Mothers can teach their children much about the world, but some mothers can do it without ever meeting their young. Take the field cricket Gryllus pennsylvanicus. A female cricket isn't exactly a caring mother. Once she lays her eggs, she abandons them to their fate. But amazingly, she can also forewarn her young of the dangers they might face. If a pregnant female is exposed to a wolf spider, her experiences affect her unborn young. When they hatch, the baby crickets are more likely to freeze when they smell wolf spiders nearby.
If mothers sense a threat in their environment, there are clear advantages in being able to prepare her young to face those threats. Over the last decade or so, scientists have discovered that many animal and plant mothers do exactly this, even before their young are born. If pregnant water fleas are exposed to the smell of a predatory midge, they produce young that are armed with larger "crowns-of-thorn", defensive spiky helmets that make them difficult mouthfuls. In the same way, aphids produce more winged offspring if they sense danger. Even the humble radish can generate a generation with sharp, spiky hairs.
In all of these examples, the adaptations are physical ones. The case of the crickets, documented by Jonathan Storm and Steven Lima at Indiana State University, is the clearest example yet of mothers preparing their young for life by influencing their behaviour. Physical defences wouldn't do much good here, for even the largest of crickets are easy pickings for spiders.
Storm and Lima bred crickets that had never seen a wolf spider before. They placed pregnant females in cages with wolf spiders whose killing fangs had been disabled with wax. After a while, the females were removed and allowed to lay their eggs. Storm and Lima collected the hatchlings and placed them in plastic arenas lined in paper saturated with the faeces and silk lines of wolf spiders.
Compared to youngsters born to naive mothers, those born to females with experiences of spiders were 27% more likely to freeze when surrounded by their silk or droppings. If the arenas were lined with clean paper, or paper saturated with cricket odours, the youngsters didn't behave any differently - it was only the spider smells that kept them still.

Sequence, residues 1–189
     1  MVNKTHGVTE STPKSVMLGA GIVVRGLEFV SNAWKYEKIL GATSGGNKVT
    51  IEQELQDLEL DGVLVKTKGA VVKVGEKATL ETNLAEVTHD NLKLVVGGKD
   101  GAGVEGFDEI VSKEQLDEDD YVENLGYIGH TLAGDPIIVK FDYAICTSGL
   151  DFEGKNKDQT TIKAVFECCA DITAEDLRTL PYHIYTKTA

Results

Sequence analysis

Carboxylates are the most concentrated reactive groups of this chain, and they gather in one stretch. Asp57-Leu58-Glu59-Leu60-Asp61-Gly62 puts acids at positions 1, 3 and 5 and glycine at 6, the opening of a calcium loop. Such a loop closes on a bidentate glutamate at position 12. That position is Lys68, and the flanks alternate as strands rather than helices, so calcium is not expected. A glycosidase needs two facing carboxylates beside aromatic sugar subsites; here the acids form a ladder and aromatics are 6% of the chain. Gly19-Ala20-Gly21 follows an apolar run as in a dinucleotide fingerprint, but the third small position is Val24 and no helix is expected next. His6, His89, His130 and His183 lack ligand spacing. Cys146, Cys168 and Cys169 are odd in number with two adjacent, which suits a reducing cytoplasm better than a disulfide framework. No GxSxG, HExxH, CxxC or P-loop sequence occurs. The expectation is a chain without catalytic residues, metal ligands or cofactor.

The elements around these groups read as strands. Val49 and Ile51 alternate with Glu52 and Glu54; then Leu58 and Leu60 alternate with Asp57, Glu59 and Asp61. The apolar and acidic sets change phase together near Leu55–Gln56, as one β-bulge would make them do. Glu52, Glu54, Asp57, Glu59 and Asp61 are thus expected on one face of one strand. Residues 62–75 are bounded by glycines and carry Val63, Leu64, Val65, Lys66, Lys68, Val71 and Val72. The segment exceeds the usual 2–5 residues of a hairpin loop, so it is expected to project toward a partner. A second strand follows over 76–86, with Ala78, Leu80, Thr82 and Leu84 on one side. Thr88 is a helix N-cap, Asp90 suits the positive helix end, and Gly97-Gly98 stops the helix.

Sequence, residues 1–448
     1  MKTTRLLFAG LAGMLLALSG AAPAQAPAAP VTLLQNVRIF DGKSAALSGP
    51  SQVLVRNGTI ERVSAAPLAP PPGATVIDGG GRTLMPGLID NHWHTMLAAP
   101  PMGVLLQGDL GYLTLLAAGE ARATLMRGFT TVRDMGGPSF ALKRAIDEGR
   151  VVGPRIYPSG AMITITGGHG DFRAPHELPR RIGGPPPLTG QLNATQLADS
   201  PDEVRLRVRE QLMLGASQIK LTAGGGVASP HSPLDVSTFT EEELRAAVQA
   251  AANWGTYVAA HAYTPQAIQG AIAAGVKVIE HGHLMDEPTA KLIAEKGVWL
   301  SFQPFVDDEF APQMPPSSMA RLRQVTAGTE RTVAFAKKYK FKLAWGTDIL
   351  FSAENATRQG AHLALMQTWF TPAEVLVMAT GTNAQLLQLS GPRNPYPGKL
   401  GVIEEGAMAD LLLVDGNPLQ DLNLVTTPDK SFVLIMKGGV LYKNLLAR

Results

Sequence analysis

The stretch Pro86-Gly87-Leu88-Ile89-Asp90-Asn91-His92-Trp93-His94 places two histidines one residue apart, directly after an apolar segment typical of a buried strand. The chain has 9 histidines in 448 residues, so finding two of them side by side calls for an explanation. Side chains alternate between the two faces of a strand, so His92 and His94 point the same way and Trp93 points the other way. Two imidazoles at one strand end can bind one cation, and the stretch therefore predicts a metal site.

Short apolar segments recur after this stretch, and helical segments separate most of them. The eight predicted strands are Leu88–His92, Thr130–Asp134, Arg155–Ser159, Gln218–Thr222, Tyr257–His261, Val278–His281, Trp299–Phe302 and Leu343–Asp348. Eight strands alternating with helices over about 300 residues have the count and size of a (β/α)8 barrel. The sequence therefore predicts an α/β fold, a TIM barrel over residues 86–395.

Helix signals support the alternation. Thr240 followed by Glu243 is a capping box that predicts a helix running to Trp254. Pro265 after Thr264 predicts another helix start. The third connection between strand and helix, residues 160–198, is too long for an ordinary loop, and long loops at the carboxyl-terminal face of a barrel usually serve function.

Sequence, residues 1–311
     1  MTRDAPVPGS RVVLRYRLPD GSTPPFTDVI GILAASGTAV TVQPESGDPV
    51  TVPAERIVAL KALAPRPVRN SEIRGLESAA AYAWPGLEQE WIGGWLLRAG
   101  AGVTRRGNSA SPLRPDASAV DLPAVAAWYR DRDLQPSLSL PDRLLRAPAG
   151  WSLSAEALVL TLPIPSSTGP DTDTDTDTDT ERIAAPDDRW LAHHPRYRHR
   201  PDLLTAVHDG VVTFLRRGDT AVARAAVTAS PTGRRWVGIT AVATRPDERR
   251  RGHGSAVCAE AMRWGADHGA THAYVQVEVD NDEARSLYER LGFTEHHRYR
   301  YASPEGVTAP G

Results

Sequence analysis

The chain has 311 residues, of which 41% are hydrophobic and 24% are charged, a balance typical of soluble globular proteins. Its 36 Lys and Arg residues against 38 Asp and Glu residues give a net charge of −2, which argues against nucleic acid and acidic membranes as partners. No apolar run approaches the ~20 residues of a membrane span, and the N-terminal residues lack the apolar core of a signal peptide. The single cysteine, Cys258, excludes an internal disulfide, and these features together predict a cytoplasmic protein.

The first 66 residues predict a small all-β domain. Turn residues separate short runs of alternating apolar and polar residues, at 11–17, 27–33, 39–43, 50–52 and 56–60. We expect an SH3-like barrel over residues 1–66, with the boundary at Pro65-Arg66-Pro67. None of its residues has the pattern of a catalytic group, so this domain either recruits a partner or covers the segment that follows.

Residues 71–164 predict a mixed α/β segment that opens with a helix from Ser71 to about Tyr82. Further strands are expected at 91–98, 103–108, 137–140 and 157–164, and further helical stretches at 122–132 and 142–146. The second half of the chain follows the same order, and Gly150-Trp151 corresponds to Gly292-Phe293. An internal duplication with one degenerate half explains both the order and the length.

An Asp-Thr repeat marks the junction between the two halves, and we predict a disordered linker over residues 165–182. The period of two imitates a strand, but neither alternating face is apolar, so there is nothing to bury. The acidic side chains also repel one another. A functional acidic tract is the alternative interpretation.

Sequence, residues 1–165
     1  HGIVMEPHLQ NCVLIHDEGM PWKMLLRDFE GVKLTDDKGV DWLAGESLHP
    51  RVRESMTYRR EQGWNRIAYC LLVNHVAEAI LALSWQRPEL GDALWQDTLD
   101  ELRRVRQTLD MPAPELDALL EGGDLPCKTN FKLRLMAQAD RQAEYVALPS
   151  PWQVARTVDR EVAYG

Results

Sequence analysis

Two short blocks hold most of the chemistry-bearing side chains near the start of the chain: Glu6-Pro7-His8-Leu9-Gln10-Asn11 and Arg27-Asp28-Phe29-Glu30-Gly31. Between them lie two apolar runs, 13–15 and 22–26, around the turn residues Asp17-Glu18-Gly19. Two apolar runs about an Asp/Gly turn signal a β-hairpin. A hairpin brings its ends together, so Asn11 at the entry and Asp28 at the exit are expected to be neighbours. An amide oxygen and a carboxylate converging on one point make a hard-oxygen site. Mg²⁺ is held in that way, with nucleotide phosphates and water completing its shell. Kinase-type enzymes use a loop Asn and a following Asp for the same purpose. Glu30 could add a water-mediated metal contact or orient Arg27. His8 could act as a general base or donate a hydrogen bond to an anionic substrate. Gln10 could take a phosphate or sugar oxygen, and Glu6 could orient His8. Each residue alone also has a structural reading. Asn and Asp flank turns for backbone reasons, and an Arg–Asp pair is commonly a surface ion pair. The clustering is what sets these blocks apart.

This small difference in behaviour often meant the difference between life and death. Storm and Lima placed the young crickets in naturalistic environments, complete with hiding places. When spiders were introduced, the forewarned youngsters spent about twice as long in their refuges and they survived for much longer.
The same thing happens in the wild. Storm and Lima collected pregnant female crickets from areas where wolf spiders are known to prowl, and others that are free of these hunters. Just as in their lab experiments, the hatchlings were more wary of spidery smells if their mothers lived in areas where spiders roamed. And it's clearly the mother's experiences that change her offspring's behaviour. When Storm and Lima exposed the eggs or nymphs of naive females to the scent of spiders, the youngsters' behaviour weren't affected.
Predators are likely to pose constant threats to a prey species from generation to generation. As such, Storm and Lima think that these sorts of pre-natal parental tip-offs should be fairly common in nature. It's just that we haven't looked very hard for them yet. In other possible examples, pregnant skinks that smell snakes on the air produce young that flick their tongues out more often when snakes around.
For now, we don't know how the mother crickets manage to tip off their young. Their behaviour could be changed through "epigenetic" means, by adding molecular tags onto their DNA that change the way specific genes are used and controlled. A mother could also convey information to her unborn young with hormones. By placing the right balance of hormones into her eggs, she could influence the development of her offspring's defensive behaviour.
Reference: Storm, J., & Lima, S. (2010). Mothers Forewarn Offspring about Predators: A Transgenerational Maternal Effect on Behavior The American Naturalist, 175 (3), 382-390 DOI: 10.1086/650443
Image: by Cody Hough
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